Midnight on Sunday will mark a dividing line in the world of oil. Beyond that point, anyone unloading a tanker from Iran risks the full wrath of the US government. While the US softened its crackdown on the Middle East’s third-biggest oil producer on Friday, allowing some trade to continue, exports are already slumping. Shipments have plunged 37 per cent since President Donald Trump announced that he’d reimpose sanctions, and once those penalties kick in on November 5, the overall supply disruption could become the biggest since Libya, erupted in civil war at the start of the decade.
“Iran’s oil exports are falling rapidly, and perhaps more and more in the weeks to come,”
Fatih Birol, executive director at the International Energy Agency, said in a Bloomberg television interview. The US will grant partial exemptions, known as waivers, to eight governments on condition that any purchases from Iran are at “greatly reduced levels,” Secretary of State Michael Pompeo said on Friday. But the Trump administration ultimately seeks to squeeze Iran’s sales towards “zero” — potentially leaving a gap that even major producers like Saudi Arabia would struggle to fill. US oil futures climbed to a four-year high near $77 a barrel last month on growing concerns there could be a shortage as sanctions bite deeper. Prices have since eased, aided by the US decision to allow waivers for India, Japan, South Korea and others. Nov. 4 will mark a dividing line in the world of oil. Beyond that point, anyone unloading a tanker from Iran risks the full wrath of the U.S. government. There are signs the impact will be mitigated, as some buyers win partial exemptions while other producers, particularly Saudi Arabia pump more to fill the gap.
Nonetheless, significant risks remain. Analysts don’t expect a complete halt, but there’s a growing consensus that Trump’s tough stance means crude exports will plunge further than during a previous round of sanctions under Barack Obama’s administration in 2012. Back then they were sliced in half to 1 million barrels a day, according to the IEA, which advises industrialized countries on energy policy. This time, 1.1 million barrels a day have already been cut from Iran’s shipments — a combination of crude and a light oil called condensate that was spared from curbs in 2012 — according to data compiled by Bloomberg. Production hasn’t fallen as much as some output is going into storage.
About 1.76 million barrels a day were exported in October, more than is pumped from the North Sea. “A large part of the impact has not happened yet,” said Mike Wittner, head of oil-market research at Societe Generale SA. “Price-wise, there’s still some upward pressure to come — possibly a big wave of upward pressure. Things are going to tighten up.” U.S. oil futures climbed to a four-year high near $77/bbl last month on growing concerns there could be a shortage as sanctions bite deeper. A senior administration official said this week that the U.S. has agreed to let eight countries, including Japan, India and South Korea — keep buying Iranian oil, but only temporarily. The impact of the sanctions has already been cushioned by other oil producers, notably some of Iran’s counterparts in the Organization of Petroleum Exporting Countries.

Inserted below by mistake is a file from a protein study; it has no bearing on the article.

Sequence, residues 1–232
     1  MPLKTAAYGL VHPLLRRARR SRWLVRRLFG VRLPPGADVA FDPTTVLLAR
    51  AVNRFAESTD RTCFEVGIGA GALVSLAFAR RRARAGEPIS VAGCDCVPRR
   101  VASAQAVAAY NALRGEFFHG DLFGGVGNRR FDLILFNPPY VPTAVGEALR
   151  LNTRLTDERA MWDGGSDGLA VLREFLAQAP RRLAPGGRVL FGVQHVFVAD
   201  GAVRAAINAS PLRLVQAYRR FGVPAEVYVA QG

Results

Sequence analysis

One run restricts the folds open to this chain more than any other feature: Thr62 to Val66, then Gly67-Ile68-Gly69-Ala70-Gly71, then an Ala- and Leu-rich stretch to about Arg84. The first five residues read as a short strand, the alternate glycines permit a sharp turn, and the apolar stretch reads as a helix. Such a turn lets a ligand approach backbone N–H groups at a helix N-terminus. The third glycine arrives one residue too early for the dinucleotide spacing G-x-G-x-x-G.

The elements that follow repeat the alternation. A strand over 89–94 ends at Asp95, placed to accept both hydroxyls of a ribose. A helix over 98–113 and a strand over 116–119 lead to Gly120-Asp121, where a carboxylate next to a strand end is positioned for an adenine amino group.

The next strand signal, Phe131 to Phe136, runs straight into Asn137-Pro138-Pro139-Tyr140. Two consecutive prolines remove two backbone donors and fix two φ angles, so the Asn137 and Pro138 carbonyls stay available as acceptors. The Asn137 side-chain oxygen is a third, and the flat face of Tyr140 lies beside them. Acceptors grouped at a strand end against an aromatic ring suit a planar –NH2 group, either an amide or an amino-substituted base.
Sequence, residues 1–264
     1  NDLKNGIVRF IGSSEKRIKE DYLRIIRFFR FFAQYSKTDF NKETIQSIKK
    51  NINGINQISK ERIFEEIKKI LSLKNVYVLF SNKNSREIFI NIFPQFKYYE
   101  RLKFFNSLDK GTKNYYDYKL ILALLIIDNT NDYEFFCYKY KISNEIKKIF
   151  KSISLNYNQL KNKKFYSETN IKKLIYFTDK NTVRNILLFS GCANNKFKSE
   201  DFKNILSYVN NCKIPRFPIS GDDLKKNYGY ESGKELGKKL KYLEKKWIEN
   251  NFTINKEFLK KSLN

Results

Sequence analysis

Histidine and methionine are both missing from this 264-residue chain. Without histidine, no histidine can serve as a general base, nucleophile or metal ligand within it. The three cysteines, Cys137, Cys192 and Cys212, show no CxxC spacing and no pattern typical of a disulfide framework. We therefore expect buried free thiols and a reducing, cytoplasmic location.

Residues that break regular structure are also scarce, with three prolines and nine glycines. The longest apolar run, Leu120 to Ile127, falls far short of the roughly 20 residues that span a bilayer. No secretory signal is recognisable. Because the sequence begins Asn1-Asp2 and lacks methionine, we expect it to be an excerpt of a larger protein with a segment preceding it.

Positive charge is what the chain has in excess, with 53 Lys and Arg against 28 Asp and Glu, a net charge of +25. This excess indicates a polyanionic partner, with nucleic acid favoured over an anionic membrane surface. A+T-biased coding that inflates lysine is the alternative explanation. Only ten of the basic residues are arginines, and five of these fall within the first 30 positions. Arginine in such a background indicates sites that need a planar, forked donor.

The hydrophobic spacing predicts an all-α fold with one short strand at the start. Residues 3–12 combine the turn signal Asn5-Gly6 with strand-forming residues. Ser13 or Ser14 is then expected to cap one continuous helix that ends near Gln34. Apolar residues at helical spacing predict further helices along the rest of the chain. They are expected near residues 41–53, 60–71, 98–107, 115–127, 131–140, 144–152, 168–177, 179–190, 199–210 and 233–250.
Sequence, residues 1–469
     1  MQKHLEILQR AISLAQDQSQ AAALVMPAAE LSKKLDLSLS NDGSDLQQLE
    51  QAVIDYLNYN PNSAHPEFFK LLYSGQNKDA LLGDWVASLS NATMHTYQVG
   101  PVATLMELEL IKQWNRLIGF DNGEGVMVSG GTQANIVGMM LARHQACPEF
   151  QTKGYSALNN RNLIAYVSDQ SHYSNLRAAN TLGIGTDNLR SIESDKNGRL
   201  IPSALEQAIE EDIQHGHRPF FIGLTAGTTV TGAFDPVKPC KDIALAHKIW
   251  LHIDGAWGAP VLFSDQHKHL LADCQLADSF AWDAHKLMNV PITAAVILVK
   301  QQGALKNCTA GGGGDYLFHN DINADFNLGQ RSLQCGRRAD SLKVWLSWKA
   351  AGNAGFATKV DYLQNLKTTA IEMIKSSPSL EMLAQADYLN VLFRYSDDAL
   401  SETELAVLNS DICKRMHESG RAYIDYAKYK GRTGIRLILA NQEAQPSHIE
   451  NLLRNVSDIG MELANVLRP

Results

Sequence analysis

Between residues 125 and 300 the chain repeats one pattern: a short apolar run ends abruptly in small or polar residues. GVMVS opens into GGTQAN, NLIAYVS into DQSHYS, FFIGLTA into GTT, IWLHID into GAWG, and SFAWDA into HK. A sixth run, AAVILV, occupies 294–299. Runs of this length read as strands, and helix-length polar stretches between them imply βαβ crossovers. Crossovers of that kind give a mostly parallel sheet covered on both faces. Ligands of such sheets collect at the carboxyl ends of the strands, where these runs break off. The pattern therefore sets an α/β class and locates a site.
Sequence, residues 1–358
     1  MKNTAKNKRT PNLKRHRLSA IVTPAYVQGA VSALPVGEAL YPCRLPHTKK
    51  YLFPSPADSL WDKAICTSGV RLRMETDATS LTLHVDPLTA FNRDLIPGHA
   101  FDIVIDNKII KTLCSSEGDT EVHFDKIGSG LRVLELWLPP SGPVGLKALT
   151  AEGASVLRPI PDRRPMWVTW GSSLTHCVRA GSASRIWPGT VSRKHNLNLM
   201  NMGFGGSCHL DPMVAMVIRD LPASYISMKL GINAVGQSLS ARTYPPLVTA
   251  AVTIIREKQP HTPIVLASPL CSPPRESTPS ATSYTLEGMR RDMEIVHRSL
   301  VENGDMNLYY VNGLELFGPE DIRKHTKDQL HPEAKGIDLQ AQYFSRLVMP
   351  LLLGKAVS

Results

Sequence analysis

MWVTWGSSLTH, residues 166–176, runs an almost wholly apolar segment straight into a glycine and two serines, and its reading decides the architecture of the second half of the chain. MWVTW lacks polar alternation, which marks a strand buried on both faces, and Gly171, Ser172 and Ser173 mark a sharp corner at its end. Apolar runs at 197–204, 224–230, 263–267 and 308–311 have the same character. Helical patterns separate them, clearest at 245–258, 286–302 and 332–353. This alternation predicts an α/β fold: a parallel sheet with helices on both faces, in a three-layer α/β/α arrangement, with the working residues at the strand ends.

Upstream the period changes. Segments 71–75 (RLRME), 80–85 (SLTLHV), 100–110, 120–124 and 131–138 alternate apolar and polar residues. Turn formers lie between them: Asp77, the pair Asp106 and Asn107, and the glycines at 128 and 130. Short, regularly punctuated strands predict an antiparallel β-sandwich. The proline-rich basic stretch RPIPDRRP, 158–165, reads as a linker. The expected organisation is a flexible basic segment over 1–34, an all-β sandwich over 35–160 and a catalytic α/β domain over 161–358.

The US government has announced that it will grant temporary waivers to eight “jurisdictions”, allowing them to buy Iranian oil beyond November 5, when the second round of sanctions on the Islamic Republic takes effect. Mike Pompeo, the US secretary of state, said on Friday the exceptions would allow the unnamed countries to import Iran’s oil at “greatly reduced levels”, with the ultimate goal of “zero” purchase from Tehran. “These concessions are critical to ensure that we increase our maximum pressure campaign and accelerate towards zero,” Pompeo said in a conference call with reporters. The second round of sanctions set to kick in on Monday follows a 90-day period since Washington reimposed the first wave of measures against Iran in the wake of President Donald Trump’s controversial decision in May to unilaterally withdraw the US from a landmark 2015 multinational nuclear deal. Washington’s upcoming move is expected to have a greater impact, as it will target Tehran’s main source of export revenue: oil and gas. In his comments to the media, Pompeo said that Iranian crude oil exports have already been reduced by more than one million barrels. Iran analysts, however, said the announcement on waivers points to US President Donald Trump’s inability to rally the international community and reach a consensus against Tehran.
“The Trump administration is waking up to the fact that its Iran policy has strained ties with a wide range of countries,”
Esfandyar Batmanghelidj, founder of the Iranian economy website Bourse Bazaar, told Al Jazeera. “Showing flexibility on oil imports may be a way for the US to seek more cooperation on sanctions in other areas.” In Tehran, the decision on waivers is seen as “a victory”, as it was able to sustain its energy exports “after months of US threats that oil sales would be pushed down to zero”. Pompeo did not identify the countries to be granted the waivers. But according to numerous reports, these include India, South Korea and Turkey. India and South Korea are the second and third biggest buyers of Iranian oil. Turkish Energy Minister Fatih Donmez also confirmed that his country would be granted a waiver, according to the Reuters news agency. In 2017, Turkey imported 16.7 percent of its gas consumption from Iran.